9. If funds are available, but the court is resistant to an expert as it is not the usual course, a helpful case is M (Children) (contact: Long term Best interests)  EWCA Civ 1090, A Part 25 Application should be made promptly, with CV’s and cost and time estimates. Make sure everyone is on notice of your application - no one likes an ambush!
10. It is often the case that indirect contact is proposed as the solution. However, other than a short introductory period, it is rare that in fact this will be the answer in high conflict cases and merely serves to create further delay. In W (children)  EWCA Civ 999 the Court of Appeal were clear that the court has a duty to try and restore direct contact.
11. In Re K  EWCA Civ 99 the Court of Appeal disapproved of an order in which the father was only to have indirect contact for an unspecified period of time.
12. If a Judge has determined that direct contact should take place and that the allegations made against the other parent are unfounded, how is that child told? Any reintroduction will only work if the message is conveyed at home. As such, thought needs to be given to how this is to be achieved. A child friendly Judgment or order? The continued role of Cafcass / Guardian?
13. Such interventions can be achieved by asking the court to make a Child Contact Intervention Order (“CCI”) via an activity direction. A CCI is normally funded through an agreement that Cafcass has with a local provider and can be for up to 12 hours. One of the most useful elements of such an order is that (subject to a risk assessment) such contact is not limited to a traditional community centre. Sessions can take place at the Cafcass Office, in the community or even within family homes.
THE ULTIMATE SANCTION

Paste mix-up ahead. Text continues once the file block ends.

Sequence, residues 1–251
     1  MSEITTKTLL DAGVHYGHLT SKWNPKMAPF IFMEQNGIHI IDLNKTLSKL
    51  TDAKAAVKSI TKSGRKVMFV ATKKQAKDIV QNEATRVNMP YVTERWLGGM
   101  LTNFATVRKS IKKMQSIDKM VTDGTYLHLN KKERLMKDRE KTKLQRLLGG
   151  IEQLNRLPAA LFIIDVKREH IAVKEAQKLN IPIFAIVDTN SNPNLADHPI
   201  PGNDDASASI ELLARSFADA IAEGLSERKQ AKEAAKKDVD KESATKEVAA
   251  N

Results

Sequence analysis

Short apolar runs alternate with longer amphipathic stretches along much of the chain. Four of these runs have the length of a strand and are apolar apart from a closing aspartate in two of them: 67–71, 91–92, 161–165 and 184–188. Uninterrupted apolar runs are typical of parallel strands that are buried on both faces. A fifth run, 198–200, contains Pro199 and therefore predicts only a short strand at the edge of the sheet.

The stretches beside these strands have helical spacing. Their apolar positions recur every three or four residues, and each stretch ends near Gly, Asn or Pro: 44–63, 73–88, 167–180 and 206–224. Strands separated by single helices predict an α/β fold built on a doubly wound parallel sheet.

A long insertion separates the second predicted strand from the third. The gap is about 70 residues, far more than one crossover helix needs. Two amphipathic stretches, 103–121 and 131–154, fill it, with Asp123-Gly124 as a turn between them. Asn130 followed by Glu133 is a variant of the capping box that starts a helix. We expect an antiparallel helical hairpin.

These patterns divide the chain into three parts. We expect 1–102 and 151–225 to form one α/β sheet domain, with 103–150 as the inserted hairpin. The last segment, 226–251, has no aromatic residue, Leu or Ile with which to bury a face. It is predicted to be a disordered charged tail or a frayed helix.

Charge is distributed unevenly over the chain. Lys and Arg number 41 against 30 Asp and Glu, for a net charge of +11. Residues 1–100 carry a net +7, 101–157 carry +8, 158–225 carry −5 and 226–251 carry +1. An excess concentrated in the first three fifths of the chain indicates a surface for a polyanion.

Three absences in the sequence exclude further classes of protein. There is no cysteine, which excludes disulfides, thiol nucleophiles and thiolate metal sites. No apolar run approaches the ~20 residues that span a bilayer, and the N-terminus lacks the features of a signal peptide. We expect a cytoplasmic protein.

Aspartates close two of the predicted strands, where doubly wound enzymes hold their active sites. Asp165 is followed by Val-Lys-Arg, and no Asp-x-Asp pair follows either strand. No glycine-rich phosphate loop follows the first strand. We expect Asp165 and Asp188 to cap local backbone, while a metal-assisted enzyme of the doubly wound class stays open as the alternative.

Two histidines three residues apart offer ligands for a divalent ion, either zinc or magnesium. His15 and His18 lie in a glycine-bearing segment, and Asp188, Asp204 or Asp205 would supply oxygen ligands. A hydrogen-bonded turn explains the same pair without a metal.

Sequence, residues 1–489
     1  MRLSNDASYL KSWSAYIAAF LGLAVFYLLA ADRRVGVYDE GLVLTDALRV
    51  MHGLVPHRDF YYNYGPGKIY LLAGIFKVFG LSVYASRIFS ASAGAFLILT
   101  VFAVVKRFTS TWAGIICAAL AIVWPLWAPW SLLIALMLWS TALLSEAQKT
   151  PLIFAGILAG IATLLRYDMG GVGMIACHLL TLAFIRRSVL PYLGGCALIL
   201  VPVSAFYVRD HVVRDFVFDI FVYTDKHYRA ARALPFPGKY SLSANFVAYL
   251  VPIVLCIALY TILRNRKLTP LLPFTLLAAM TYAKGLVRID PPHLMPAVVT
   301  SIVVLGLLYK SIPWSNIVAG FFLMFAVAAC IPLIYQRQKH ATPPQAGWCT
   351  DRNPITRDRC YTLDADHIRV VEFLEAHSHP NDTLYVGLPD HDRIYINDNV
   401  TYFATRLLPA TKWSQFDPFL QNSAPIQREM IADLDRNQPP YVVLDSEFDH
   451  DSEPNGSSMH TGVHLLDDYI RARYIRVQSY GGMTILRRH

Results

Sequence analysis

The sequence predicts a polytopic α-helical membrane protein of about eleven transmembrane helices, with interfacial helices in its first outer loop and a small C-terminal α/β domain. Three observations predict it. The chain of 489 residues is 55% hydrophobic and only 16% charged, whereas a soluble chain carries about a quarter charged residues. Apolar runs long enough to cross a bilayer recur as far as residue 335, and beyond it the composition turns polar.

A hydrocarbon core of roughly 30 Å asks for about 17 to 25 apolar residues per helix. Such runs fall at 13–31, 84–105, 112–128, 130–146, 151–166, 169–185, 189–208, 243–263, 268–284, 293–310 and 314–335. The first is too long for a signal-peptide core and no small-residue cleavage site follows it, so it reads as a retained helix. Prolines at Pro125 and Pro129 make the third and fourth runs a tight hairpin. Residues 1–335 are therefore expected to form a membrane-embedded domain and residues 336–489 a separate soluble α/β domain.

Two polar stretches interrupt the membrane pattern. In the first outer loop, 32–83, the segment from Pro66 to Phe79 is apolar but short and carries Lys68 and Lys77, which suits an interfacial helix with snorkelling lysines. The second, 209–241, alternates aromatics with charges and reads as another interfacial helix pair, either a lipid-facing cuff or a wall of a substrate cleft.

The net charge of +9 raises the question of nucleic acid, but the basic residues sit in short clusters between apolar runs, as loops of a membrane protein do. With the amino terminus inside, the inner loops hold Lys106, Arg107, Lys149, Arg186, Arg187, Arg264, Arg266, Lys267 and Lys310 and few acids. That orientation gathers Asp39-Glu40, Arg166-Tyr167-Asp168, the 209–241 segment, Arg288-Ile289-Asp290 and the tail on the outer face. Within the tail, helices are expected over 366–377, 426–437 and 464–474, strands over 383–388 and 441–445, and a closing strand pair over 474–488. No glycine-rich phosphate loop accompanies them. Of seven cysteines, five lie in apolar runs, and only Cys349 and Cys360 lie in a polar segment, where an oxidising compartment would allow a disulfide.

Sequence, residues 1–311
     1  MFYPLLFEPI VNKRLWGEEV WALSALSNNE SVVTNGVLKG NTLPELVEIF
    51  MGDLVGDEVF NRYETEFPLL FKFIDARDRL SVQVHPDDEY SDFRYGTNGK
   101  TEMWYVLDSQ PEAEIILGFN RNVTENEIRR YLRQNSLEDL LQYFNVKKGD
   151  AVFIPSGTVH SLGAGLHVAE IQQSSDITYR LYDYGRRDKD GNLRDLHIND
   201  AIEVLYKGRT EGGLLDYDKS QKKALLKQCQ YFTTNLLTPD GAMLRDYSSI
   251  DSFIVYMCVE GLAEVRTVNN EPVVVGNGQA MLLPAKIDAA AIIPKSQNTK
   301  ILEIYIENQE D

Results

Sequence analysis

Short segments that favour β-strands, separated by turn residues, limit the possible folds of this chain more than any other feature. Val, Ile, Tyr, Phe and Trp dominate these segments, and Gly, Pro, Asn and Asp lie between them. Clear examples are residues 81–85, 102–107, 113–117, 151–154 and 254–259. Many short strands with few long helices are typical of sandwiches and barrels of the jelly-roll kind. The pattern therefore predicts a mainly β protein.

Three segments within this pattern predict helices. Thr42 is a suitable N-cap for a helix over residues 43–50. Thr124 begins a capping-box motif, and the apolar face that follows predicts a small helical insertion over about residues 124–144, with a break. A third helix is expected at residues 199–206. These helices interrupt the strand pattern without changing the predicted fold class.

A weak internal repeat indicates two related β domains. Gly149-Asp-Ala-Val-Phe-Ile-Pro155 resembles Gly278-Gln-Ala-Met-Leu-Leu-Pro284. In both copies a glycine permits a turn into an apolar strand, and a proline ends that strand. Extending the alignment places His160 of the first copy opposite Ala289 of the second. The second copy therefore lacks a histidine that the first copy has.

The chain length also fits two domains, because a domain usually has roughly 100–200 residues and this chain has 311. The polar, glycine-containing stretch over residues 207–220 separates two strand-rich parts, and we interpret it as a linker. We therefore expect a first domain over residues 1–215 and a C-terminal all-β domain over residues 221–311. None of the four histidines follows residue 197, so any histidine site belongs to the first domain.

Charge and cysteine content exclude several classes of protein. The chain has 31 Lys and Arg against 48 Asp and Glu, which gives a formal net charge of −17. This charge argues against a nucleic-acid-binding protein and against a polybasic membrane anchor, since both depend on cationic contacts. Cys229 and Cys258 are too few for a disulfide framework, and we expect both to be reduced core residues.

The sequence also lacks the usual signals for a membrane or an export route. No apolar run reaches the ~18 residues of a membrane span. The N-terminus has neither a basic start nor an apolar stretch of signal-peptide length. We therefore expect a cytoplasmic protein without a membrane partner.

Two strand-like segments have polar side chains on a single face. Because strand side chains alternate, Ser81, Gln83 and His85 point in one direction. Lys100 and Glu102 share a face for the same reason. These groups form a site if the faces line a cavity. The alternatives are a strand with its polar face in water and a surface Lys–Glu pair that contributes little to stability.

14. A change of residence must not be implemented as a punishment, even when dealing with the most unwilling and hostile parent. It must only ever occur if it is in the child’s best interests. There has been an increasing trend for the courts to make suspended residence orders, meaning that the alienating parent has the lingering threat hanging over their head should they fail to comply. The approach has been approved in M (children)  EWHC 1948 which is worth referring to in an appropriate case.
15. If the court feels that matters have reached the point when a change of residence is necessary, it is not always permissible to immediately switch residence to the alienated parent. and A holding placement, either in foster care or with other family members can be the way forward. The need for such interim placements can be to allow the child(ren) space to try and process what has occurred and to rebuild the relationship with, and transition to living with, the alienated parent.
FAMILY ASSISTANCE ORDER
16. S. 16 of the Children Act 1989 enables a court to make a Family Assistance Order requiring a Cafcass Officer or a named Local Authority to advise, assist (and where appropriate) befriend any person named in the order. This option is a much under used resource and an order can last up to 12 months. The relevant guidance is set out in Practice Direction 12M of the Family Procedure Rules.